Suzuki's Eric Geboers clinched the 1983 FIM 125cc Motocross World Championship in Sweden, extending Suzuki's streak to all eight of the world titles that had been won in the class since it was founded in 1975.
Can-Am's Jimmy Ellis was undefeated in the four-race 1975 AMA Supercross Championship, and the Canadian bike-maker was feeling like he was going to be hard to beat in '76, especially at the Los Angeles Superbowl of Motocross—they even bought a pre-race win ad of sorts, as you can see below. And when the starting gate dropped (in front of a record 73,130, according to the stadium's scoreboard), Ellis did exactly what the company expected him to do: go out and win the main event. Suzuki's Tony DiStefano would finish second, and Honda's Pierre Karsmakers third.
At the 500cc Grand Prix of Britain at Farleigh Castle, series points leader Hakan Carlqvist went 1-1 aboard his Yamaha, with Honda's Andre Malherbe and Suzuki's Harry Everts rounding out the podium with 3-2 and 2-3 finishes. The big Swede Carlqvist would go on to win the 500cc crown vacated by American superstar Brad Lackey after the #1 rider could not find a proper ride for a title defense.
Also in '83, Canada would host a 250cc Grand Prix the week before the USGP at Unadilla, and the winner in both motos was KTM rider Kees Van der Ven—the same man who won Unadilla the year before. Suzuki's Georges Jobe finished second and Yamaha's Danny LaPorte tied for third with rising Canadian star Ross "Rollerball" Pederson.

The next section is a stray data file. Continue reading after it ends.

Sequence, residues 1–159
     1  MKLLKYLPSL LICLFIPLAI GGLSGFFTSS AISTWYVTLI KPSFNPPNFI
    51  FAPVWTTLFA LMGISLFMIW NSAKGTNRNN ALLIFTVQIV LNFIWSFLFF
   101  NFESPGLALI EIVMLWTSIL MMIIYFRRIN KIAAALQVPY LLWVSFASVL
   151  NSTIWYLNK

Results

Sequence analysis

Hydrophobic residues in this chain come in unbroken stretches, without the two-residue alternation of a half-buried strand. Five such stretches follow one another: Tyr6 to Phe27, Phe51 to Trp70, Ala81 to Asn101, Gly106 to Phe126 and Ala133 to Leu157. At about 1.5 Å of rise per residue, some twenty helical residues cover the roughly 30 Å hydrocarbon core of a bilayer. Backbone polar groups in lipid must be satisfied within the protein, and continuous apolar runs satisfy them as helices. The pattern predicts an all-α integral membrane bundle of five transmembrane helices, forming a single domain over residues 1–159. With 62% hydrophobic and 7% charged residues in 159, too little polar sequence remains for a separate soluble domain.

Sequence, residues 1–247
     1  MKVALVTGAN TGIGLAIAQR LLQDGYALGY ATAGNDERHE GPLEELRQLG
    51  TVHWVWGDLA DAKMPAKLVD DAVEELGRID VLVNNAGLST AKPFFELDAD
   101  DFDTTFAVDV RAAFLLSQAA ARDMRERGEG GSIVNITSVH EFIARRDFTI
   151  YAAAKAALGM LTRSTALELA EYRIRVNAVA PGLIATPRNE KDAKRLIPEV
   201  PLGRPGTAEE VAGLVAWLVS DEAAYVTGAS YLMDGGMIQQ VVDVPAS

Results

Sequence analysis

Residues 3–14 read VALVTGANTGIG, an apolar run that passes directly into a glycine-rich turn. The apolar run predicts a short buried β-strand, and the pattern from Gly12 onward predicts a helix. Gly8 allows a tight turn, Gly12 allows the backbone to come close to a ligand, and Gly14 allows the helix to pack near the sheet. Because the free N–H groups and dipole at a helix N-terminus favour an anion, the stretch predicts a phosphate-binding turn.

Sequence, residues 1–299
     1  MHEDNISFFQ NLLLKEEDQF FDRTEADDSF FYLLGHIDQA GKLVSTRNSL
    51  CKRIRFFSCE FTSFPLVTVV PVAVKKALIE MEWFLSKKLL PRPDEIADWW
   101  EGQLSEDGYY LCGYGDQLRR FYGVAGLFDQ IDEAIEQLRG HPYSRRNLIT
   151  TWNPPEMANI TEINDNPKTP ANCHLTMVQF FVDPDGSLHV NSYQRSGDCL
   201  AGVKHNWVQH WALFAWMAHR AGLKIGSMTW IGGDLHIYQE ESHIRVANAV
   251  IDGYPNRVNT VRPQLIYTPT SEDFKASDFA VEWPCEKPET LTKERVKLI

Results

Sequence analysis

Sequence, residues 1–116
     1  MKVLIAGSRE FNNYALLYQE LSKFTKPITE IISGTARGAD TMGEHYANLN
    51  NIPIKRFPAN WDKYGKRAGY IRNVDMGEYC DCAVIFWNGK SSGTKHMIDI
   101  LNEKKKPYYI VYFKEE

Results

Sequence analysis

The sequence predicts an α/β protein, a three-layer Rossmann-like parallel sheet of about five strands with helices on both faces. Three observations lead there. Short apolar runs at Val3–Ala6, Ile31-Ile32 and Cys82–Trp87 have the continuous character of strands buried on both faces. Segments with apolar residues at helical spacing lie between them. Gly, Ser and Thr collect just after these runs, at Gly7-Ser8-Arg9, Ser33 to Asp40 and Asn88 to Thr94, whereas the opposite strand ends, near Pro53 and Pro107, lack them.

Georgia's Billy Liles, an ex-pat racing in Europe, won his first 500cc Grand Prix in San Marino with 1-3 moto scores. Liles, who was a charter member of Kawasaki Team Green and once won a 250 National in the states, had emigrated to Italy to find a ride, and he ended up on a Kawasaki in 1988. Following him was soon-to-be-crowned FIM 500cc Motocross World Champion Eric Geboers.
At Kenworthy's in Troy, Ohio, Kawasaki's Mike LaRocco out-dueled Honda's Jeremy McGrath with 3-1 and 1-2 scores. Behind them was six-time AMA Supercross/250 Motocross Champion Jeff Stanton. As Stanton had already announced his plan to retire at the end of the season, the Kenworthy's podium would turn out to be the last of his career.
Suzuki's Damon Huffman topped the 125 Class, with Honda riders Doug Henry (the defending 125 National Champion) and Steve Lamson rounding out the podium.
There was another undefeated summer ahead for Ricky Carmichael, though this time, he wouldn't win every moto. RC won Thunder Valley with 1-1 moto scores aboard his Makita Suzuki RM-Z450. Factory Connection Honda's Kevin Windham went 2-2 for second, and Chad Reed went 3-3 for third.
In the 125 Class, Monster Energy/Pro Circuit Kawasaki's Ivan Tedesco was chasing after his first AMA Motocross Championship, and he also went 1-1 to top the 2-2 of Honda's Andrew Short, the crowd favorite in Colorado, and Factory Connection Honda's Josh Grant.
This was the first visit to David Clabaugh's Thunder Valley circuit, which took the place of Kenworthy's in Ohio on the national schedule due to the unpredictable floodwaters that had wreaked havoc on Kenworthy's two years earlier. By all accounts, it was a success, and it's remained on the AMA Pro Motocross schedule ever since. It also hosted the Motocross of Nations in 2010.